Mark Twain's Lecture
A full and attentive audience assembled at the Cooper Institute last evening to listen to the recital of Mark Twain's experiences in the Sandwich Islands. Nearly every one present came prepared for considerable provocation for enjoyable laughter, and from the appearance of the mirthful faces leaving the hall at the conclusion of the lecture, but few were disappointed, and it not too much to say that seldom has so large an audience been so uniformly pleased as the one that listened to Mark Twain's quaint remarks last evening. The large hall of the Union was filled to its utmost capacity by fully two thousand persons, which fact spoke well for the brilliant reputation of the lecturer and his future success. Mr. Twain's style is a quaint one, both in manner and method, and throughout his discourse he managed to keep on the right side of his audience and frequently convulsed it with hearty laughter. Some of the anecdotes related were wittily told, and so embellished as to be doubly enjoyed by his hearers. While the speaker made some very amusing comments upon the habits and customs of the Sandwich Islanders, he stated that all the facts related by him were strictly true. The speaker gave the American missionaries great credit for their work in civilizing and converting the Islanders, and spoke of the singular fact that the descendants of these missionaries have no stain upon their moral character, being exemplary citizens.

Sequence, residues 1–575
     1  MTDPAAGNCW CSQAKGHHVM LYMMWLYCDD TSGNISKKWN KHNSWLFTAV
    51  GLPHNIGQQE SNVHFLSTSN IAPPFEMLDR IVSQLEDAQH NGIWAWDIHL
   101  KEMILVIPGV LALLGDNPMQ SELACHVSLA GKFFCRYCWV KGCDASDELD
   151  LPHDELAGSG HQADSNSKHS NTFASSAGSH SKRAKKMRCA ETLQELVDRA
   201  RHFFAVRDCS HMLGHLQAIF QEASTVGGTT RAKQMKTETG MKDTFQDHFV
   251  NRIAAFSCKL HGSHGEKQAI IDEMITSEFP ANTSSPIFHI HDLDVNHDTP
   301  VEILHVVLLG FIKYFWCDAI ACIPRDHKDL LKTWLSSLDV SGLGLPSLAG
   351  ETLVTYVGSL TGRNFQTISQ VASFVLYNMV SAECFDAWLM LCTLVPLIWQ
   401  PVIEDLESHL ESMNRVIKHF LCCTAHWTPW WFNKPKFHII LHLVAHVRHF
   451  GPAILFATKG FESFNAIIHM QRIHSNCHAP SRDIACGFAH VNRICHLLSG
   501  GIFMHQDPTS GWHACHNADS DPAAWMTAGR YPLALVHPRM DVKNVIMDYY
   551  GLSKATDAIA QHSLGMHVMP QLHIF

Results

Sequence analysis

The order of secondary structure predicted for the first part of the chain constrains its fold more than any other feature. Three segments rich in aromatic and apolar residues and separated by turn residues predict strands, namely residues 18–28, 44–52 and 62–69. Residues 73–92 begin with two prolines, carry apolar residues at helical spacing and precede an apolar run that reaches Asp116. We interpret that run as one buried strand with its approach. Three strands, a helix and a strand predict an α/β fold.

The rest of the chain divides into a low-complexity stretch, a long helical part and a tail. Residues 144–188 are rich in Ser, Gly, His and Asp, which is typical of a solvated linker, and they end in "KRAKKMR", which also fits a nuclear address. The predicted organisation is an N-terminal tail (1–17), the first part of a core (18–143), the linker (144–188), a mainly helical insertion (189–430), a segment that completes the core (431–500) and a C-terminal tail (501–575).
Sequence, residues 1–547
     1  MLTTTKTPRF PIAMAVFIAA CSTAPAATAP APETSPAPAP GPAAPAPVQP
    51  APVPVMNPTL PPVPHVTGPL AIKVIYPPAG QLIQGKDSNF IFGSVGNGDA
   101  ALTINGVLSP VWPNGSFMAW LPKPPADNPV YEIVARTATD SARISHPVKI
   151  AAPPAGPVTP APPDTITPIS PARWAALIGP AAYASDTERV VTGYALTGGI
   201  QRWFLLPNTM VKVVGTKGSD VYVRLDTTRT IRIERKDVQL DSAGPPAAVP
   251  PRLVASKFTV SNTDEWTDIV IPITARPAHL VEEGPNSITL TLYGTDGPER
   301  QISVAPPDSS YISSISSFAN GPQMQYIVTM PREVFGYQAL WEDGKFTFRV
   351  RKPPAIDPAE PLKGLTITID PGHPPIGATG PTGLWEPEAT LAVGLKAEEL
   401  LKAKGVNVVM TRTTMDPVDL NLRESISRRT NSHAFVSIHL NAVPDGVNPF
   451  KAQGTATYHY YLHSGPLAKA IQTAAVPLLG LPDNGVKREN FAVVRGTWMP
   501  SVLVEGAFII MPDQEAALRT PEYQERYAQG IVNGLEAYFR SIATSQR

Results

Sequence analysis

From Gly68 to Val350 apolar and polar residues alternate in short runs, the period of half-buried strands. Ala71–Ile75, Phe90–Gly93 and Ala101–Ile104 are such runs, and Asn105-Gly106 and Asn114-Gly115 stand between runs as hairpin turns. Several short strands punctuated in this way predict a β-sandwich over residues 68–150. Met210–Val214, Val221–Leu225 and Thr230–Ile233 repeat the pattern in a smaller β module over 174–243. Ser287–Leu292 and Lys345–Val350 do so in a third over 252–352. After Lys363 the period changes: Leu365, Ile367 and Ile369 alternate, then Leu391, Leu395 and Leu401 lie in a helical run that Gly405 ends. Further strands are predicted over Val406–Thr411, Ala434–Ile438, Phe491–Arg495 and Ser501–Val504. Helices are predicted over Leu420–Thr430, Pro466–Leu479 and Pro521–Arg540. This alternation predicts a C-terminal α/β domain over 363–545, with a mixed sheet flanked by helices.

During his description of the topography of the Sandwich Islands, the lecturer surprised his hearers by a graphic and eloquent description of the irruption of the great volcano which occurred in 1840, and his language was loudly applauded.
Judging from the success achieved by the lecturer last evening, he should repeat the experiment at an early day.
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